Why is it appropriate to Prepare Students for High Stakes Assessments?
Much is written in education literature about test preparation and/or practicing for a specific test. Much of the writing relates to questions regarding the efficacy and ethical appropriateness of test preparation for students taking high stakes, large scale assessments.
For this blog, I will distinguish between two concepts:
According to James Popham, the only types of acceptable test preparation must adhere to two specific test preparation standards. Popham’s first standard deals with ethical educational practices that might be violated with some inappropriate test practice activities. Popham’s second standard states that preparation for a test should reflect and be consistent with real gains in the domain being assessed.
With the advent of on-line assessments employed in most states, a new ethical challenge has been added to this debate. Teachers participating in a recent Pew survey reported that their low-income students encountered obstacles to using educational technology that were not encountered by their more affluent counterparts. Writing for Language Magazine, Keith Oelrich said, “Though broadband use and school hardware availability are at an all-time high, a new digital divide has appeared.” According to the Pew survey, “The rich and educated are still more likely than others to have good access to digital resources.”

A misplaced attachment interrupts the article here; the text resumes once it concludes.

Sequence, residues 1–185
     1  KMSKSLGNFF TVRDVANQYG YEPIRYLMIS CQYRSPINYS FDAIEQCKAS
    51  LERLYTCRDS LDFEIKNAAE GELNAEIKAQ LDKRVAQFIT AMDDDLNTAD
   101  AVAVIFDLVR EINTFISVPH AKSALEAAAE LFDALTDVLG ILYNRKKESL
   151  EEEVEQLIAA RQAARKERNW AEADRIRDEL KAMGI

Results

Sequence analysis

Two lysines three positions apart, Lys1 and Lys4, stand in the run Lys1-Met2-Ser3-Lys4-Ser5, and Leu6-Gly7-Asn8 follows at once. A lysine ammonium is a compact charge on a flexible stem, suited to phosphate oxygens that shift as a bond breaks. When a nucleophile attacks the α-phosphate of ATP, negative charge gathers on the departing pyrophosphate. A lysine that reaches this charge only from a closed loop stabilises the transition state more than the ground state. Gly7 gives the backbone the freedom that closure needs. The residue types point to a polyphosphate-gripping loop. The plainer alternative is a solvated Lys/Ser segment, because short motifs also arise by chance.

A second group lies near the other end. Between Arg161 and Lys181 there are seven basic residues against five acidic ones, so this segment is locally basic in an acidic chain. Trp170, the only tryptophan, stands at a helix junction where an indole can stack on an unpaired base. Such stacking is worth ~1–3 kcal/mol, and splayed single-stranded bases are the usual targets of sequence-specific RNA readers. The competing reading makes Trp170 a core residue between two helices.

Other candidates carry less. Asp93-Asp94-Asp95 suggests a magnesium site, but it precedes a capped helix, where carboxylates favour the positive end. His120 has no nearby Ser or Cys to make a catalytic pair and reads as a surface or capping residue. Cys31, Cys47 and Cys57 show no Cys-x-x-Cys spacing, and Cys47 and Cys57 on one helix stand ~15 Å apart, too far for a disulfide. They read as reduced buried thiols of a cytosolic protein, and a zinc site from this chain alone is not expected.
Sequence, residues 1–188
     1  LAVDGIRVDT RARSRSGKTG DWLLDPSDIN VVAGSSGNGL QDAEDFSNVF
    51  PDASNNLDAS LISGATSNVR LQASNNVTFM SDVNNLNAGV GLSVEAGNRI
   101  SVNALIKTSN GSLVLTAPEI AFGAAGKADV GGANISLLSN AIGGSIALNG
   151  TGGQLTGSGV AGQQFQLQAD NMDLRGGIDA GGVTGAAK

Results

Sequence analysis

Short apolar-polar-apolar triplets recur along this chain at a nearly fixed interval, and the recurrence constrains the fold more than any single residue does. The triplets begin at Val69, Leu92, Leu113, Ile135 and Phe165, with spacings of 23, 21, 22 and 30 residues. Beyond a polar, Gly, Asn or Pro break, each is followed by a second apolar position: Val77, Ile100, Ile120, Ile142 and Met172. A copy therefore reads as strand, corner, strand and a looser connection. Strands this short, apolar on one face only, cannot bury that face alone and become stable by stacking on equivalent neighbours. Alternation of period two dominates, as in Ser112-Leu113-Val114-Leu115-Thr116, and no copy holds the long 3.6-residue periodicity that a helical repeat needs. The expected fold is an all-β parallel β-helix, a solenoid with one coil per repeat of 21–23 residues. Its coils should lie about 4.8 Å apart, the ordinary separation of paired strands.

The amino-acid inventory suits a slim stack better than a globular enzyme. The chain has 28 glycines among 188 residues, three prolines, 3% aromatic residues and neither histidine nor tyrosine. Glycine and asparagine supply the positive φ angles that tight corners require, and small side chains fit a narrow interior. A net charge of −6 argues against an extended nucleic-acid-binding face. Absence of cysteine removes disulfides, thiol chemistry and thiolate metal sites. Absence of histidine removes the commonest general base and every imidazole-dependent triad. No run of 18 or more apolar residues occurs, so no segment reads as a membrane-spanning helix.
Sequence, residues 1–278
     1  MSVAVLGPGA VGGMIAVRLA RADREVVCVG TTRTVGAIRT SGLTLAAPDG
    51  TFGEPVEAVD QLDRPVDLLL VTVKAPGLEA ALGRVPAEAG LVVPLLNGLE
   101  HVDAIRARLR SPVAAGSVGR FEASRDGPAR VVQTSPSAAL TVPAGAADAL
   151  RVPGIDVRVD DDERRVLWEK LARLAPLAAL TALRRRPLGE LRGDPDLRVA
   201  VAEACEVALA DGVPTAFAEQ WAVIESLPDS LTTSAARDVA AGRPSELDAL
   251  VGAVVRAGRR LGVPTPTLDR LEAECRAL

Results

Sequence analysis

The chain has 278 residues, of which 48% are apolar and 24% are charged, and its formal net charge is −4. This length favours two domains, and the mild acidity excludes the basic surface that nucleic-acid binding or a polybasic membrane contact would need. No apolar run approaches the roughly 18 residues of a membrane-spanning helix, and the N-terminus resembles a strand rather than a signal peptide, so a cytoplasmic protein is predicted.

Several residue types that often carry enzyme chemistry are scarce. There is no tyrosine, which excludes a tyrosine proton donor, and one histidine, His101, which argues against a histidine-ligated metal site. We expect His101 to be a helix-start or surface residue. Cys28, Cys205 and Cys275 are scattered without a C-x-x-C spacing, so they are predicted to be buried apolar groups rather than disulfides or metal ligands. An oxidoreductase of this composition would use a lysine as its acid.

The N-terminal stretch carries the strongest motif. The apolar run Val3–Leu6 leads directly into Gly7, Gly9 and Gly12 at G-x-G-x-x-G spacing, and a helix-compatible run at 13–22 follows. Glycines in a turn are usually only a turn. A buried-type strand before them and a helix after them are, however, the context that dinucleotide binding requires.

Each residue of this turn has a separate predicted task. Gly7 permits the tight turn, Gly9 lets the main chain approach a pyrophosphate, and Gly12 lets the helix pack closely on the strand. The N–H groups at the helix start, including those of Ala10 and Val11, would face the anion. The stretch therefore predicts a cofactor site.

The digital divide has especially far-reaching consequences when it comes to educational assessment. The technology-skills gap is even more consequential when we consider that online testing is required in most states that use either the PARCC or SBAC assessments.
According to Oelrich, the technology-skills gap is apparent in a recent national analysis of PARCC and SBAC scores. Additionally, “In 2016, a district in Arizona did a study among its students that showed those with strong digital literacy skills scored higher than those with marginal or low digital literacy skills on their state’s online assessment. This suggests that lower online test scores can be linked to insufficient digital literacy skills.”
While adhering to test preparation ethics and Popham’s test preparation standards, what is an appropriate approach to preparing students to take the SBAC or PARCC examinations? I think it is a given that all teachers in all schools should employ research-based best practices, effective strategies, and standards-based curricula that enable students to master and apply the skills and knowledge inherent in every domain they teach. Given the well documented technology skills gap, it is equally important and ethically appropriate to directly teach; and allow students to practice the specific technology skills required to demonstrate their actual levels of mastery on the PARCC and SBAC assessments. If schools and school districts do not step up and teach their students how to deal with the technology-specific skills required to perform on these high stakes assessments, they are doing themselves and their students a great disservice.